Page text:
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I have a Rails controller where I accidentally defined the 'edit' method inside the 'create' method.

My Controller with the error:

class UsersController < ApplicationController
  def create
    @user = User.new(params[:user])

    def edit
      @user = User.find(params[:id])
      @title = "Edit user"
      @check = "BORK" # something I added for testing the rendered output

An example test;

it "should have the right title" do
  get :edit, :id => @user
  response.should have_selector('title', :content => 'Edit user')

So when I run the tests (I use rspec) and output the response.body, the User edit.html.erb template is rendered correctly; all the instance variables are visible. So all the tests pass.

Visiting the 'edit' URL correctly shows an error; the template uses @user instance variable, and it's not set correctly. Of course correcting the controller fixes the error.

I don't understand why the tests pass at all and why, in the test, all the instance variable values are visible?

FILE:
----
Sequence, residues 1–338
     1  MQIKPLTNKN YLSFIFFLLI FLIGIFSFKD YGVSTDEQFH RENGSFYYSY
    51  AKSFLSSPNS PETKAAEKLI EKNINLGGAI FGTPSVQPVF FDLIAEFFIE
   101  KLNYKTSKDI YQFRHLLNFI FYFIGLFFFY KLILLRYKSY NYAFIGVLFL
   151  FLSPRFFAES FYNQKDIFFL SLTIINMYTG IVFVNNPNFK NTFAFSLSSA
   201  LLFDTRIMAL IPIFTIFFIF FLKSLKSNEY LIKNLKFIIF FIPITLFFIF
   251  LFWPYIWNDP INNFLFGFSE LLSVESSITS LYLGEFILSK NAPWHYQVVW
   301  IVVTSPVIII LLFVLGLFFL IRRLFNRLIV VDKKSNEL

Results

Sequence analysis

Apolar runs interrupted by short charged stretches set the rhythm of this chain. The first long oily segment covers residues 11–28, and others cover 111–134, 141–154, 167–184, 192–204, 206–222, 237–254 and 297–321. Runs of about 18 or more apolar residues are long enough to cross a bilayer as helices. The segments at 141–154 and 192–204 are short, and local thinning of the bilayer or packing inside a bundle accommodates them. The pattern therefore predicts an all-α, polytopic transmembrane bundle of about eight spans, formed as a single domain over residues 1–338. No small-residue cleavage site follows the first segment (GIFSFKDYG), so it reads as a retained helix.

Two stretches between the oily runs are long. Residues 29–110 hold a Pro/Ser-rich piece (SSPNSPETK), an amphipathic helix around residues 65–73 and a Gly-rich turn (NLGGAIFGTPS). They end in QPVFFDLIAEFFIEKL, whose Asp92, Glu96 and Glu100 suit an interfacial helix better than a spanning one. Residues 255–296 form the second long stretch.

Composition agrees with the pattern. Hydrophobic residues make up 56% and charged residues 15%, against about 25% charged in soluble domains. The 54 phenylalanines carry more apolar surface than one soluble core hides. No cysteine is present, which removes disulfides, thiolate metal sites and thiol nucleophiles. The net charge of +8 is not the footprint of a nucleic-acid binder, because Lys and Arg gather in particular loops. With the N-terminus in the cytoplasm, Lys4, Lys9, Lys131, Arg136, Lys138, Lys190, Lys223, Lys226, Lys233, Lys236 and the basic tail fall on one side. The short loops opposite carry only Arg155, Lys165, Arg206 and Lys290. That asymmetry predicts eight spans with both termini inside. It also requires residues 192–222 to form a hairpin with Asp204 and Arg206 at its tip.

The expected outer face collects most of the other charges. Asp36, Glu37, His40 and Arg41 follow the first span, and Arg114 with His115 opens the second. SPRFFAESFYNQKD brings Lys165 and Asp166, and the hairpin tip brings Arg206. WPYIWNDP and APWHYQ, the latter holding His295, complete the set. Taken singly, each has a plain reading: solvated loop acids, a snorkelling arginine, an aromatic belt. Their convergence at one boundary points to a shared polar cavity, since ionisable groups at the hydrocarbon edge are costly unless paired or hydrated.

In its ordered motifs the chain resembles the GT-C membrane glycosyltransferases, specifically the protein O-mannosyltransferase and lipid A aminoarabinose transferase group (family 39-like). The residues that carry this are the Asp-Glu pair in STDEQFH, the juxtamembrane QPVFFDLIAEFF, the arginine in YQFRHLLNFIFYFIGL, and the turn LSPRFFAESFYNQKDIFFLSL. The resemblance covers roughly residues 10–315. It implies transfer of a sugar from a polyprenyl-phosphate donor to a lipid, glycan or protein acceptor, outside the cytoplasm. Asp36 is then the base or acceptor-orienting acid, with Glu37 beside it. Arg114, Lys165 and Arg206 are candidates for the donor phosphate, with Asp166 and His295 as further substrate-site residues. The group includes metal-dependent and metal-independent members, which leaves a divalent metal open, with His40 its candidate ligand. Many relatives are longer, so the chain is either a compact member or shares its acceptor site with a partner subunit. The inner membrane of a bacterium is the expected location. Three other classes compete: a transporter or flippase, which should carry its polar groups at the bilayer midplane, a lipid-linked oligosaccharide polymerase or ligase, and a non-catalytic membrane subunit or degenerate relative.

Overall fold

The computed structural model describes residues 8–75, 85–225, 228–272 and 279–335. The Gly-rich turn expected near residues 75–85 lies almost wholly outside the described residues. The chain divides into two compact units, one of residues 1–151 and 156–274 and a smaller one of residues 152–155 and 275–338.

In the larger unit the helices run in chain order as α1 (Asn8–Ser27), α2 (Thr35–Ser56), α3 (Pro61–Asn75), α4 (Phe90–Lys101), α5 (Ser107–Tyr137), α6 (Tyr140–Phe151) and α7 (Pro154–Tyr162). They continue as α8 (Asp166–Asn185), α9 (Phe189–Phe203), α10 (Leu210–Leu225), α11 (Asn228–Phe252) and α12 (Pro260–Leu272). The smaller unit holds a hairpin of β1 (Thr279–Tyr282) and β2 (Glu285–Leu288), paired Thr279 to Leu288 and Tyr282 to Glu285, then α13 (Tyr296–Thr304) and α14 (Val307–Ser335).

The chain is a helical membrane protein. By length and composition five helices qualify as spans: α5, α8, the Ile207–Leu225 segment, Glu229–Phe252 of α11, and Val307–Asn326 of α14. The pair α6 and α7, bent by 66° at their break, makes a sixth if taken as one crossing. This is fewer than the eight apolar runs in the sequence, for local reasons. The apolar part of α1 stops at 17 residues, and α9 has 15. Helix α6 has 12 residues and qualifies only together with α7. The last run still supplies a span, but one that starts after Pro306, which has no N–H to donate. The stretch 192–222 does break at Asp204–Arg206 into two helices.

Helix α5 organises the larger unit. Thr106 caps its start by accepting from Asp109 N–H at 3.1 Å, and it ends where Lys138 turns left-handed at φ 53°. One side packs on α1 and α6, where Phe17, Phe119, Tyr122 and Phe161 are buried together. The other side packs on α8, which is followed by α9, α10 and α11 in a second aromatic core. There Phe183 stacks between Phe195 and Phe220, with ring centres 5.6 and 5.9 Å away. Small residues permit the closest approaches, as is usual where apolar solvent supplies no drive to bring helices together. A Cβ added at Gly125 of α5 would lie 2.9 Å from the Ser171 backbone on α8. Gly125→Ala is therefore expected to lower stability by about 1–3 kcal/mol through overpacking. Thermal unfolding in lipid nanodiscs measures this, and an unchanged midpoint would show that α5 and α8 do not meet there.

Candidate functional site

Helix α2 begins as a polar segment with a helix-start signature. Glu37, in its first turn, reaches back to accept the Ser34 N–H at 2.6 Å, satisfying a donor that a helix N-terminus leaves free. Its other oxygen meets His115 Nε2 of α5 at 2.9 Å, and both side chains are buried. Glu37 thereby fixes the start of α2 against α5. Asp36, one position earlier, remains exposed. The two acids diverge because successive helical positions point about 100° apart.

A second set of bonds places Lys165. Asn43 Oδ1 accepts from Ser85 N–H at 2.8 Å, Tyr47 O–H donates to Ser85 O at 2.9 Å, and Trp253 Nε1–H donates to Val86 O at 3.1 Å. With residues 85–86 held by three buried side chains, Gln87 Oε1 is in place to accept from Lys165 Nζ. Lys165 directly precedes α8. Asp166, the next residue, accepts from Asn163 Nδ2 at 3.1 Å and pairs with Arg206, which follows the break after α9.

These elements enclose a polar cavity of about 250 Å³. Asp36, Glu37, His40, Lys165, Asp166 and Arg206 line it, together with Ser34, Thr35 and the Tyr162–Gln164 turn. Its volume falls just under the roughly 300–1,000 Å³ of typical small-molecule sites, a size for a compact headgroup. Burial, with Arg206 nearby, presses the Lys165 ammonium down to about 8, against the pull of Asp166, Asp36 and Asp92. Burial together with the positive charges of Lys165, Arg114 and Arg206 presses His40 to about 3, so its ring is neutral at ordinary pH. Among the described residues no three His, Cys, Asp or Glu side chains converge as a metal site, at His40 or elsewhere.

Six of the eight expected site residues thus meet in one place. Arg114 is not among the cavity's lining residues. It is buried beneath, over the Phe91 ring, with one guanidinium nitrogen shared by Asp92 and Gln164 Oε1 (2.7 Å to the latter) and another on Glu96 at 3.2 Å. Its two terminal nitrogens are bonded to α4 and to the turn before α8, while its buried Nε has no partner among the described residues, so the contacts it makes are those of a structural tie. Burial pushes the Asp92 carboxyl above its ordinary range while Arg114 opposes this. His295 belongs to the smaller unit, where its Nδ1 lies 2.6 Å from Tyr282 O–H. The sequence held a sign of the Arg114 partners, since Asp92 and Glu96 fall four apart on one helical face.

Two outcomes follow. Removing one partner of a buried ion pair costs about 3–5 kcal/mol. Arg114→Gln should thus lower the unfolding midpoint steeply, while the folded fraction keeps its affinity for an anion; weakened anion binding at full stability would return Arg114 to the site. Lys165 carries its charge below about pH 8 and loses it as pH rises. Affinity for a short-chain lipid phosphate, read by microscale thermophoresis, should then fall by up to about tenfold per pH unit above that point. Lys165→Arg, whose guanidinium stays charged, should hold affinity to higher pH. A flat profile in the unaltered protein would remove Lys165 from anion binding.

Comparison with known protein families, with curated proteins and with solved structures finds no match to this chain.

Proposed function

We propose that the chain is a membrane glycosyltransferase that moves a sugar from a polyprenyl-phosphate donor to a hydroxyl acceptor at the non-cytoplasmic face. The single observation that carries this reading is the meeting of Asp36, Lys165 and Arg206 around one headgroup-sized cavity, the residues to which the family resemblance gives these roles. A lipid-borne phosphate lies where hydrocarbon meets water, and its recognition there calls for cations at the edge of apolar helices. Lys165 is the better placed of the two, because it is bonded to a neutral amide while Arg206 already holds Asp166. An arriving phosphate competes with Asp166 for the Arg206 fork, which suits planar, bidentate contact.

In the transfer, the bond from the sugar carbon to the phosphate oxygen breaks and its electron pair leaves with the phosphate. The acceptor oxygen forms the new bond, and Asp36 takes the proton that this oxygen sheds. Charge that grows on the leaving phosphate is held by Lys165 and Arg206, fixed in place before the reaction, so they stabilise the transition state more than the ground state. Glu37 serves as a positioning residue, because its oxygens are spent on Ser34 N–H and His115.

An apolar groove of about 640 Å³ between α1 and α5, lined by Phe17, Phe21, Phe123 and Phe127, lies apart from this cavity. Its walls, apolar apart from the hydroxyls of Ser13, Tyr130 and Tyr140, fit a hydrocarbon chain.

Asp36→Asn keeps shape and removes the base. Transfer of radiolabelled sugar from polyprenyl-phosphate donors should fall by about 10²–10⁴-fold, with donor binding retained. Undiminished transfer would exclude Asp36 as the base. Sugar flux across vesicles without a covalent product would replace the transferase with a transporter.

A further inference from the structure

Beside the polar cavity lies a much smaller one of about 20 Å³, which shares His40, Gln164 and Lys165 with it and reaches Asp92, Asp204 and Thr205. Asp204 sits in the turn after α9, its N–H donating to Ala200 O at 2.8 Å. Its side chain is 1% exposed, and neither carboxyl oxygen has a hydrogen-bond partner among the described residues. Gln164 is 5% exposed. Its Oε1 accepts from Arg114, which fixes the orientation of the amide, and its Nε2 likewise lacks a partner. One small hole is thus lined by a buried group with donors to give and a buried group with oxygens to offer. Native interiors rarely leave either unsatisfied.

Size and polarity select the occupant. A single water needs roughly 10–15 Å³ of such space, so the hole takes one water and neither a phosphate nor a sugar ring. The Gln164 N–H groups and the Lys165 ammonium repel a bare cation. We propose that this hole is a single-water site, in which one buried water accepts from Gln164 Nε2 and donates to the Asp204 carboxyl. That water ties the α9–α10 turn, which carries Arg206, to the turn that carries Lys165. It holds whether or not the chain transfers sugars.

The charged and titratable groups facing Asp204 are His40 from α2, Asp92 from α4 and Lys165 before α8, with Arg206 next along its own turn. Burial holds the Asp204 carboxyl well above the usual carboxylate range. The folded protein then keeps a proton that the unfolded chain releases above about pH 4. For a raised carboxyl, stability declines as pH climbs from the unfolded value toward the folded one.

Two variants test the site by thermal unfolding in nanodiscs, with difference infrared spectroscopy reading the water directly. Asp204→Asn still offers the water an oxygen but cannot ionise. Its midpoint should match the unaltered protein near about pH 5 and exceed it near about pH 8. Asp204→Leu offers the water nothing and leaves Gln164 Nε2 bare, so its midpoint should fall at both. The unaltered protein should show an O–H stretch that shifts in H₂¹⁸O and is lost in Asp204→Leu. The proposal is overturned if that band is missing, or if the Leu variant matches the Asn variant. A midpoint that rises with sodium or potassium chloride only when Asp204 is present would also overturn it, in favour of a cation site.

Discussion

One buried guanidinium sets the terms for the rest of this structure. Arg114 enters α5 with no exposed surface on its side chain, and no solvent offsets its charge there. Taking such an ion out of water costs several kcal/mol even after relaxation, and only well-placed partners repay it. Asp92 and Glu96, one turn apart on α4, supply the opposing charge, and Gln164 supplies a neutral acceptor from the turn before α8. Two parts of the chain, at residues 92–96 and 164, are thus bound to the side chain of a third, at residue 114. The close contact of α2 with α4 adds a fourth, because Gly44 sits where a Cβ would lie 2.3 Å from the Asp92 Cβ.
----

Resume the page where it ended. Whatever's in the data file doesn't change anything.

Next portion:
My instinct suggests this is a scope problem? Something about @user being an instance variable, and that in the tests it's set within the scope of the test, but in my controller it's within the scope of the inner 'edit' method? But how does the test even find the 'edit' method? In what scope does that inner 'edit' method exist?

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can you paste the error? –  Pasta Jan 10 '11 at 10:02

1 Answer 1

up vote 3 down vote accepted

You should realise that the def construct is as much executable code as an if statement. It's not invalid to put it inside another method, but it won't be run until the outer method is called:

>> class Foo
>>   def foo
>>     def bar
>>     end
>>   end
>> end
=> nil 
>> Foo.instance_methods(false)
=> ["foo"] 
>> Foo.new.foo
=> nil 
>> Foo.instance_methods(false)
=> ["foo", "bar"] 

The reason this was erroring in your browser was because Rails reloads all (most) of your classes each request. So, even if you had visited the create action - which would cause the edit method to be defined - the following request would have unloaded it again.

However in the test environment, if an earlier test had called the create action then that would have defined the edit action for future tests. You would see a different result if your tests were run in a different order (which in itself makes it a bad idea to rely on this).

Generally of course this isn't what you want at all, so just clear it up and move along :)

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Now I understand. You just taught me something new about Ruby. I was expecting something like JavaScript where functions have scope. –  Andrew Tetlaw Jan 10 '11 at 10:32

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